Wednesday, November 22, 2017

The Problems of Misinterpretation

In my past few articles, I’ve discussed the problems of Catholic critics who confuse their interpretation of Church Teaching with what the Church actually intends. Whether they start out with false premises, or whether they use fallacious reasoning with true premises, or (sadly, very common) using both false premises and fallacious reasoning, they wind up claiming that Church teaching justifies something that is actually contrary to what the Church teaches.

Some do this to claim that a sin is not a sin, and that they are therefore not guilty of choosing an intrinsic evil. Others do this to discredit a Church teaching they dislike, arguing that we must return to their idealized view of when the Church was right and abandon or restore disciplines to match their idealized concept—the teaching they dislike is considered “proof” of heresy or political bias.

This is not the sole provenance of one faction. I’ve seen some Catholics claim that Jesus wanted a Church of love and mercy—denying that He ever intended condemning acts that they think shouldn’t be sins. I’ve seen other Catholics balk when the Church has changed disciplines when the magisterium determined they no longer serve the intended purpose, claiming the Church has fallen into “heresy.” But both groups are confusing what they want with what best serves keeping God’s commandments and evangelizing the world.

These critics judge the actions of Pope and bishops based on what they want (and, therefore, what they think God must want). If the Pope and bishops do not take that stand, it is considered a betrayal of either Christ or His Church. So, the liberal Catholic applies their assumptions to St. John XXIII, Vatican II and Pope Francis and think they are “correcting” the former “errors” of other Popes, Councils, and Bishops. Conservative Catholics think they are “committing errors” contradicting previous teaching.

But, their conclusions are based on false assumptions. They assume that the Church they conceive of is the way the Church is supposed to be. But if the assumption is false, they cannot prove the conclusion. If their conclusion is not proven, we cannot use their arguments as the basis of enacting teachings in the Church.

It’s important to realize that such false assumptions need not be malicious. The person can be quite sincere. It’s quite possible that the person is assuming that the simplified explanation Sr. Mary X gave them in Catholic grade school was doctrine and either embraced or rebelled against it, thinking it was a doctrinal teaching. The individual can fail to realize that the possibility that the explanation was oversimplified, or that they misunderstood it.

I think this lack of realization is the real problem in the Church. If we do not grow in our understanding of the actual Church teaching, we can easily be led astray. If we don’t understand that the style of Church teaching may sound more forceful in one age than in another, we might be confused over what is doctrine, what is discipline, and what is governance. Doctrine does not change from X to not X. But it can develop with a deeper understanding over time. Discipline and acts of governance can change if the magisterium deems it beneficial to do so.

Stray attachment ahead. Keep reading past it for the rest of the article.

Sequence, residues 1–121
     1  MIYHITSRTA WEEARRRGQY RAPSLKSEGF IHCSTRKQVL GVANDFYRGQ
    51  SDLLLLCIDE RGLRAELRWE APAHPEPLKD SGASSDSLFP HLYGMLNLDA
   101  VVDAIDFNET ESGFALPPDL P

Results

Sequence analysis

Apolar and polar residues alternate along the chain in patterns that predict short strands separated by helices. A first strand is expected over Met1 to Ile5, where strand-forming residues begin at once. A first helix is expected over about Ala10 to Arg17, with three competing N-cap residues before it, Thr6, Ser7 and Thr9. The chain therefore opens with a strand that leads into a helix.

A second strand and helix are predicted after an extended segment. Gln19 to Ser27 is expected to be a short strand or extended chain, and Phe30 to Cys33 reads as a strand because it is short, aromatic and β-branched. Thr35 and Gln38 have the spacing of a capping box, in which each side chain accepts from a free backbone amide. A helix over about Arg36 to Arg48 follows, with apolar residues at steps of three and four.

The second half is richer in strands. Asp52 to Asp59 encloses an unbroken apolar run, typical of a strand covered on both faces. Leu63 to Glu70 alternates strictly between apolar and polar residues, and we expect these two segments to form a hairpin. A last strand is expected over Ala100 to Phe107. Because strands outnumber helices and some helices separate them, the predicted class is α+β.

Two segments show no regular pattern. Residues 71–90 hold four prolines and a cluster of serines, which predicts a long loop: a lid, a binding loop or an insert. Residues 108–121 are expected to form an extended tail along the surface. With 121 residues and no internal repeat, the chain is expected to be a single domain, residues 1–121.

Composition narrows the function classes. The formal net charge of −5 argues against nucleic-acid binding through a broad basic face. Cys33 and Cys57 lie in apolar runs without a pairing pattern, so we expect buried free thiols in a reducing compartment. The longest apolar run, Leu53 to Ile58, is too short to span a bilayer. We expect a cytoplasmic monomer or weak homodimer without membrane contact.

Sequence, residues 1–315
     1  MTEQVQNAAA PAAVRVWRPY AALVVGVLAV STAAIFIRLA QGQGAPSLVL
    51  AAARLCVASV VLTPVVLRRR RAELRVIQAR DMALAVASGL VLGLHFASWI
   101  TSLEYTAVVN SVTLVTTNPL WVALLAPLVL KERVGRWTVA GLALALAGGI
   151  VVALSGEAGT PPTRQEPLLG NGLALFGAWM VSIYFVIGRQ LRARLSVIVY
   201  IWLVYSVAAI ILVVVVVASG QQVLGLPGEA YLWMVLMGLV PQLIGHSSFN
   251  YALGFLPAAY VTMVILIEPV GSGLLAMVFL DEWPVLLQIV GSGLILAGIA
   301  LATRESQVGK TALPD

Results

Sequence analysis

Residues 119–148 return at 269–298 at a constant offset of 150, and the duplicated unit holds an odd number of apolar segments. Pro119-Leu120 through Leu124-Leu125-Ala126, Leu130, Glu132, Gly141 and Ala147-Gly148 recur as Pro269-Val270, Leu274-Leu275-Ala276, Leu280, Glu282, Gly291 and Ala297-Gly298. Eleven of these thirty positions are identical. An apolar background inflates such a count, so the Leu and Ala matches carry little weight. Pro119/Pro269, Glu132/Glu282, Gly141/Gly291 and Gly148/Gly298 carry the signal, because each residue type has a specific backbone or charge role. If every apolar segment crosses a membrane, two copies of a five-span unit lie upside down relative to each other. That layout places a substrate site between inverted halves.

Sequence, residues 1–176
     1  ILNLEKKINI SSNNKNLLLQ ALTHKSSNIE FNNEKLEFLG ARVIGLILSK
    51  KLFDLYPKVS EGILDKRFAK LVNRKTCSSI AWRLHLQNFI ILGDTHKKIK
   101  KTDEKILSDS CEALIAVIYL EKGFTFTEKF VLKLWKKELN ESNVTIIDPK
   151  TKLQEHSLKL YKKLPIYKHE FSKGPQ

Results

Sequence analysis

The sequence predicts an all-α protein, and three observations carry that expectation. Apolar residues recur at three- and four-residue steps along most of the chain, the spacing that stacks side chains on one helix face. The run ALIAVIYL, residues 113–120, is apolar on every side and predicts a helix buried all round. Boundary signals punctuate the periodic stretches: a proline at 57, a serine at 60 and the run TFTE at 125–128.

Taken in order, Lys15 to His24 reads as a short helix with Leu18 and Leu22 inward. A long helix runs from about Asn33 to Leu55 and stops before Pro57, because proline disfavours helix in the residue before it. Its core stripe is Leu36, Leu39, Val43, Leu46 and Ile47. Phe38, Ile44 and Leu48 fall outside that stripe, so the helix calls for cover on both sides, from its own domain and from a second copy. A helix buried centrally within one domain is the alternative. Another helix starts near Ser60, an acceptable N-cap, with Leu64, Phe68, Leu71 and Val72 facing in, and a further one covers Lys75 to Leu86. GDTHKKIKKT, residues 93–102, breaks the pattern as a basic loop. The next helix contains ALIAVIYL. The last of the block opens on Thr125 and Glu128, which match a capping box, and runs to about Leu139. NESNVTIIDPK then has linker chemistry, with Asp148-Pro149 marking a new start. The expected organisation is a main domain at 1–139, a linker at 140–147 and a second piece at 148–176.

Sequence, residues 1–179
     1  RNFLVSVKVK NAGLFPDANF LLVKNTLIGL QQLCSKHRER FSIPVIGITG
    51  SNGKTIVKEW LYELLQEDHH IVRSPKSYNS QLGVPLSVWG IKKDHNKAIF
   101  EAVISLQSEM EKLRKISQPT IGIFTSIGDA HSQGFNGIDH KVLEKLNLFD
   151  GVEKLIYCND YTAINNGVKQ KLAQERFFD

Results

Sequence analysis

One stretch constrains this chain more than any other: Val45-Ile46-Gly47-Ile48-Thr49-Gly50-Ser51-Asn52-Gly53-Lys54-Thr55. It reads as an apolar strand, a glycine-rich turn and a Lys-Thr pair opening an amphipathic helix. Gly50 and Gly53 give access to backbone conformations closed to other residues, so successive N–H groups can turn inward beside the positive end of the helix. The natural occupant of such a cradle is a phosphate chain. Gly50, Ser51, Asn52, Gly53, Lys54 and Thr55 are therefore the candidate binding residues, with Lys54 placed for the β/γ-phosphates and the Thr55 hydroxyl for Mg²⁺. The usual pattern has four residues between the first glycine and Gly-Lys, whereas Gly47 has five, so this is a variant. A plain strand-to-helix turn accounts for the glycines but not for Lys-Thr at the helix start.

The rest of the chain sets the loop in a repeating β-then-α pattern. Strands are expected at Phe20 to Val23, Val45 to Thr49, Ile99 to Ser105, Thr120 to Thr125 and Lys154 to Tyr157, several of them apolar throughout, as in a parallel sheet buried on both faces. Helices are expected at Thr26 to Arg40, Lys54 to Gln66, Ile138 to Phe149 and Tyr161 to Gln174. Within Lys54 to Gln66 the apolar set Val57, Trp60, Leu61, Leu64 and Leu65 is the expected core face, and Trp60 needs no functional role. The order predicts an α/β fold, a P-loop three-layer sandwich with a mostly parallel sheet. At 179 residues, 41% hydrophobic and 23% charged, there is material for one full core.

Yes, it is possible that a Pope can be a notorious sinner, or that a bishop can be unjust. But it does not follow from the fact that we have had such Popes and bishops in the past, that the current ones fit in that category. That’s the point to be proven. If we simply assume the point to be proven, we commit the begging the question fallacy. The “evidence” we provide that is based on that assumption proves nothing.

If one wants to argue that St. John Paul II “betrayed” Vatican II (as liberals like to allege) or that Pope Francis “teaches heresy (as some conservatives like to allege), the obligation is for the individual to investigate whether they have gone wrong themselves—not for the teaching authority of the Church to prove them false.

The problem is, it quickly becomes apparent that the critic has often either not read or has only superficially read the relevant materials. Instead they tend to rely on summaries from biased sources, assuming that the Church has always understood the teaching in the way they think it means. Therefore, the Church is “proved” to be doing wrong—not in fact, but in their mind

Such misunderstanding cannot lead to a proper understanding of the Church. Instead, it leads to obstinacy. Ironically, though the liberal and the conservative disagree with each other about what this fictitious ideal is, they wind up using the same arguments, and ultimately denying the authority of the Church—all the while condemning the other side for their dissent.

The only way to escape that trap is to recognize who has the authority to interpret the past Church teachings and apply them to the present. That authority is the current Pope and bishops who are successors to the Apostles. We believe that Our Lord protects His Church from teaching error in matters where she must be given assent. Without that promise, we could never know when the Church was teaching error.